By Chris McCaslin, Engineering Director, Light & Motion
Most of our products use mirrored reflectors and optical-quality glass, an optical solution which we have found to be the most efficient, and which creates the most beautiful beam patterns. Most portable lighting manufacturers use off-the-shelf molded reflectors made of clear plastics. Termed T.I.R., for Total Internal Reflection, these reflectors focus light by bending it internally. Our experimentation has shown that most of these solutions project light unevenly—leaving unintended bright spots and dark spots, called artifacts, in the beam. These spots can show up in your photography, and can be distracting bouncing down a mountain trail. TIRs have also proven less efficient, absorbing or scattering light that we want to focus on the subject.
Using both advanced optical software and practical experimentation with varying shapes of prototype reflectors, we work to concentrate light where you need it. In some cases we do use TIR reflectors, for instance when a very tight spot beam is required in a very tight space, something that TIR’s excel at. For our Sola and GoBe Search spot beams, we experimented with many reflectors before settling on a design that provided a sufficiently tight spot.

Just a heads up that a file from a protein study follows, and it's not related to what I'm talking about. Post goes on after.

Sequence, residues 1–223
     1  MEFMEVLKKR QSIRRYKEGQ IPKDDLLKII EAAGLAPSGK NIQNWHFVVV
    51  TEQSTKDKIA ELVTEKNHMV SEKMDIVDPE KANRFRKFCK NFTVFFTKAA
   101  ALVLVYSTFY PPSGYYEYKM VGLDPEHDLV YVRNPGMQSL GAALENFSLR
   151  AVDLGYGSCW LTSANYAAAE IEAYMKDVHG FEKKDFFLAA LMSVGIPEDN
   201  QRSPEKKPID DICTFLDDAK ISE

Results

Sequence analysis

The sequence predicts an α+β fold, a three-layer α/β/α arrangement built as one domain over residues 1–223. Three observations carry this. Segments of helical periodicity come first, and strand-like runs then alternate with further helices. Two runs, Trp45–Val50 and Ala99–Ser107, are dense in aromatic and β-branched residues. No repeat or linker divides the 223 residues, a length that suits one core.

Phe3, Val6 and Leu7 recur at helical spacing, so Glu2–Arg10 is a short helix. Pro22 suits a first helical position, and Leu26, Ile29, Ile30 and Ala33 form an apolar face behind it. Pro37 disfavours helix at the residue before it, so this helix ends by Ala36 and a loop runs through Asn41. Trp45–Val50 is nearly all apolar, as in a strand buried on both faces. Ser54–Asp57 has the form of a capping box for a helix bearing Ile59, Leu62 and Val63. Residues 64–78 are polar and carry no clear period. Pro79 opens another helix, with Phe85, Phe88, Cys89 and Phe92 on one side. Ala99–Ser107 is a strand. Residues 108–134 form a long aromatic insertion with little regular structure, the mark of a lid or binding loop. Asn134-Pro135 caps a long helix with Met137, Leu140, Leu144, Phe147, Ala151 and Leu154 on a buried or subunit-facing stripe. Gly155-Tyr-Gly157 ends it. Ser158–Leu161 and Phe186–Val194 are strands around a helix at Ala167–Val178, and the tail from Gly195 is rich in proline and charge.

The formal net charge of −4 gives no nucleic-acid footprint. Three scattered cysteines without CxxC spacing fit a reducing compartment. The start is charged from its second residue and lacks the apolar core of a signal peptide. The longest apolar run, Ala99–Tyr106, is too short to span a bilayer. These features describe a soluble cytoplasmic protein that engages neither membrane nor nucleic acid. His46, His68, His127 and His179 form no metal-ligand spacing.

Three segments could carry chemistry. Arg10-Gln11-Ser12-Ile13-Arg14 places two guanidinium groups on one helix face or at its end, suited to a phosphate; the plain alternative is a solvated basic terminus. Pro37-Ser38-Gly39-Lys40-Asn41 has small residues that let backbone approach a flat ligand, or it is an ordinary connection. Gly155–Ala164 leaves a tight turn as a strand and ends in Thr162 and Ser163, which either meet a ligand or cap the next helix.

In most products, in-house design of mirrored reflectors creates the brightest possible lights, and allows us to create special features. These include integrated side lights from a single LED, and shaping the beam of each emitter in a single- or multi-LED head for optimal use on a bicycle. You can see this in Taz and Seca, and in our taillights that provide industry-leading visibility from all around your bike. In some cases we use peening to scatter just the right amount of light to soften hard edges in the beam.
And in a few products, we simply get out of the way, putting the LED as front and center as possible, to provide the widest, most even beam pattern possible.
These small differences all work to blend light seamlessly into your environment. Our goal in optics design is for you to forget the light there, and to remember the experience, not your lighting.